Shortlisted for the Miles Franklin Award and the Prime Minister’s Prize for Literature
In this sweeping epic of friendship, toil, hope and failed promise, multi-award-winning author Roger McDonald follows the story of Kingsley Colts as he chases the ghost of himself through the decades, and in and out of the lives and affections of the citizens of 'The Isabel', a slice of Australia scattered with prospectors, artists, no-hopers and visionaries. Against this spacious backdrop of sheep stations, timeless landscapes and the Five Alls pub, men play out their fates, conduct their rivalries and hope for the best.
Major Dunc Buckler, 'misplaced genius and authentic ratbag', scours the country for machinery in a World War that will never find him. Wayne Hovell, slave to 'moral duty', carries the physical and emotional scars of Colts's early rebellion, but also finds himself the keeper of his redemption. Normie Powell, son of a rugby-playing minister, finds his own mysticism as a naturalist, while warm-hearted stock dealer Alan Hooke longs for understanding in a house full of women. They are men shaped by the obligations and expectations of a previous generation, all striving to define themselves in their own language, on their own terms.
'When Colts Ran', written in Roger McDonald's rich and piercingly observant style, in turns humorous and hard-bitten, charts the ebb and flow of human fortune, and our fraught desire to leave an indelible mark on society and those closest to us. It shows how loyalties shape us in the most unexpected ways. It is the story of how men 'strike at beauty' as they fall to the earth.
Reading Group Book Questions
About The Author
- While When Colts Ran opens and closes with Kingsley Colts, and he is clearly the main character, he often fades in and out of the storyline, sometimes on the periphery, rarely taking centre stage. Though not always physically present, discuss how he defines the book’s themes.
- There are many examples of mentors throughout the book – father to son, guardian to ward, one generation to the next. What are the main relationships in these categories and how do they change over the course of the novel? What are the inherent conflicts; how do they build community and identity?
- How are the themes of sin and redemption played out over the course of the novel? Discuss the role of the painting Goats in Colts’s redemption – is his redemption even complete? How might Colts survey his life at the end of the novel?
- While the central figures of the novel are all men, the women possess a strength that often defines the men and directs the course of events. Do these women make When Colts Ran a more satisfying novel?
- There was nothing more definite when it came to promise than the worn old earth’ By personalising the land – ‘the Isabel District’, ‘the Isabel River’ – Roger McDonald has endowed the environment with an almost human presence. How are landscape and the natural sciences used in the novel? Does the persistence of nature overrule the actions of men?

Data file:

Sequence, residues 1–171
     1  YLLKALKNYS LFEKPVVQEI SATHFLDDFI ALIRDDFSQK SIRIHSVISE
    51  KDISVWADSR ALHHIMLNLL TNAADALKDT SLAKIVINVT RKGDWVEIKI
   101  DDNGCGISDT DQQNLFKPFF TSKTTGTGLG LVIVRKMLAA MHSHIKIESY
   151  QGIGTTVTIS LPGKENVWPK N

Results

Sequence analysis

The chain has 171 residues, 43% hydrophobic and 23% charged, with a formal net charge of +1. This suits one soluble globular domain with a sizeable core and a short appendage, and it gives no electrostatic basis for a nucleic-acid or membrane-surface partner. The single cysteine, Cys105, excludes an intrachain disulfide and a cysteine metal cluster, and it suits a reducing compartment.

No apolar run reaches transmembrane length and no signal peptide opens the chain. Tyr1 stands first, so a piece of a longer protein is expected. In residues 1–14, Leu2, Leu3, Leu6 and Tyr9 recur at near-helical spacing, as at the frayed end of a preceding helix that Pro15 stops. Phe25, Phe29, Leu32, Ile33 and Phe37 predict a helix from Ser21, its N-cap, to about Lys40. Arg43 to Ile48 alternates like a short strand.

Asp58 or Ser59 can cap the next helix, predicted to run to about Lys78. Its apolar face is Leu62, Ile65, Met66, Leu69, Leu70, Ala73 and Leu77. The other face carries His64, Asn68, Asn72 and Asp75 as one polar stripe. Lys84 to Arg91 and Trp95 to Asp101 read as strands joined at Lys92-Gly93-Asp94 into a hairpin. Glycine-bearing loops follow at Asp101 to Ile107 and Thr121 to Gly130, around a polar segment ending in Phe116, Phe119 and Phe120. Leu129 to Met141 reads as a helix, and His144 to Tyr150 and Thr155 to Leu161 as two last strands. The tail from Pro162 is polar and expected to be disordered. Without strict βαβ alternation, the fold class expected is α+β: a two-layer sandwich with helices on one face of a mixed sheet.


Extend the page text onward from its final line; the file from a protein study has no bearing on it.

Roger McDonald was born at Young, New South Wales, and educated at country schools and in Sydney. He began his working life as a teacher, ABC producer, and book editor, wrote poetry for several years, but in his thirties turned to fiction, expressing the feeling that for him, at least, poetry was "unable to express a full range of characters and moods, the larger panorama of Australian life that I felt was there to portray". His first novel was 1915, a novel of Gallipoli, winner of the Age Book of the Year, and made into a highly successful eight-part ABC-TV mini-series (now on DVD). Slipstream, Rough Wallaby, Water Man and The Slap followed, each of these novels drawing intensively on imaginative, poetic takes on rural living. "The poetry of fiction is not a writing style but something in people's lives, where a place or a season, an occupation or an obsession transforms existence - where something powerful but not perhaps well understood by the participants creates the drama out of a handful of dust and a few drops of water." "I like the humour of observation,": he says. "Describe accurately, get a laugh, the sting of truth is always surprising. Trust the Australian accent and find connection to the rocks and dirt as swift as lightning." Since 1980 McDonald has lived on farms (no farm animals except poultry and a corrugated iron sheep, these days) outside Braidwood, south-eastern New South Wales, with intervals spent in Sydney and New Zealand. His account of travelling the outback with a team of New Zealand shearers, Shearers' Motel, won the National Book Council Banjo Award for non-fiction. His bestselling novel Mr Darwin's Shooter, was awarded the New South Wales, Victorian, and South Australian Premiers' Literary Awards, and the National Fiction Award at the 2000 Adelaide Writers' Week. The Ballad of Desmond Kale won the 2006 Miles Franklin Award and South Australian Festival Prize for Fiction. A long story that became part of When Colts Ran was awarded the O. Henry Prize (USA) in 2008.